Amateur Astronomer Jeffrey Warren relates his 20 year research into the disappearance of Flight 19:
The article was intriguing and quite detailed and stated that there was no moon the night the Lost Patrol disappeared. I routinely looked up the moon phase for the evening of December 5, 1945, which I learned was 1 day after the new moon. I immediately realized there likely was a visible moon that night. I know that the moon can be seen with the naked eye after it is just 20 hours old. Since this took place on 1 day after the new moon in the evening, I felt the moon was more than 24 hours old. I also knew that this moon phase zeniths around 1PM and the moon had to set after 6PM.
I decided to investigate further. I wrote to NOAA (The National Oceanographic and Atmospheric Administration) and they sent me information from their East Coast Tide Tables for 1945, which is based upon data from the American Ephermeris and Nautical Almanac. I learned that on the evening of December 5, 1945 at 6PM the moon was exactly 29 hours old. I then looked up the times for sunset, moon set and the weather for that day, using microfilm of the Miami Herald. Sunset was at 5:29PM, moon set was at 6:29PM and the weather was mostly clear.
The official report which said there was no moon was incorrect. There was no moon to speak of, but a visible moon none the less. I wrote to the Department of the Navy and they sent me the microfilm of the official JAG report. I learned that at 3:30PM when the first distress call was made that the tower kept telling them to follow the sun and head West. Well the sun had a S/SW heading and was around 60 degrees South of due West.
Flight leader Charles Taylor likely thought how can the low to the horizon late afternoon sun appear to be in the South? That could disorient anyone. This is why he got instantly disorientated and thought his compasses were out when they made the left turn from the Bahamas towards Ft. Lauderdale.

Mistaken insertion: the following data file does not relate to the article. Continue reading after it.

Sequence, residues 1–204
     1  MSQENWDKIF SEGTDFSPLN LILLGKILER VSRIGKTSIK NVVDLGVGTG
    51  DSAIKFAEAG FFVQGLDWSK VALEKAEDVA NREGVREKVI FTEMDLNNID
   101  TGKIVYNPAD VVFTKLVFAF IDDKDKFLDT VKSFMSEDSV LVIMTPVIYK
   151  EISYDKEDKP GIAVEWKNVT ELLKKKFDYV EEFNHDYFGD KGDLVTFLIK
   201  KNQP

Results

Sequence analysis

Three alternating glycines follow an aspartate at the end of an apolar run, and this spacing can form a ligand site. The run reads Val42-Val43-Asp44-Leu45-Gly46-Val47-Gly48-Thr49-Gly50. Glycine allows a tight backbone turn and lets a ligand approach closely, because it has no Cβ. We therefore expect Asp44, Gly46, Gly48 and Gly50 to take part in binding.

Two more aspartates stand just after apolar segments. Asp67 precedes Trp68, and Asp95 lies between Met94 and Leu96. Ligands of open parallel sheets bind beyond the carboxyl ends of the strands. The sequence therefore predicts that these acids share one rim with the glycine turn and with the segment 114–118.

After reading the Jag report I figured out that at 6:06PM which was the moment when the planes turned around and flew East out to sea beyond the point of no return, that the moon was visible as a row of lights. It would give off a 180 degree illusion (rising East illusion) then. It was setting West, not rising East and they had to go West. But they distrusted their compasses and thought the moon was rising East. This lunar illusion put the nail in their coffins. I then realized I solved this mystery and with a smoking gun. Of course I felt obligated to pursue it.
I contacted the most knowledgeable astronomer I knew of Dr. David Menke. He was the Director of Buehler Planetarium in Davie, Florida. Dr. Menke studied my data and concurred with my astronomical calculations and hypothesis relating to the disappearance of the five Avenger planes. He graciously held a press conference in the planetarium on December 15, 1993. Using the overhead projector he detailed the positions and images of the sun and moon that day and told the media. The press conference was covered by News Radio WINZ, The Miami Herald, The Tropical Tribune, The Palm Beach Post, The Ft. Lauderdale Sun Sentinel and WSVN TV Channel 7 (Mark Ludner and Rick Sanchez). I also spoke at a symposium on the Bermuda Triangle by the Ft Lauderdale Historical Society." -- Jeff Warren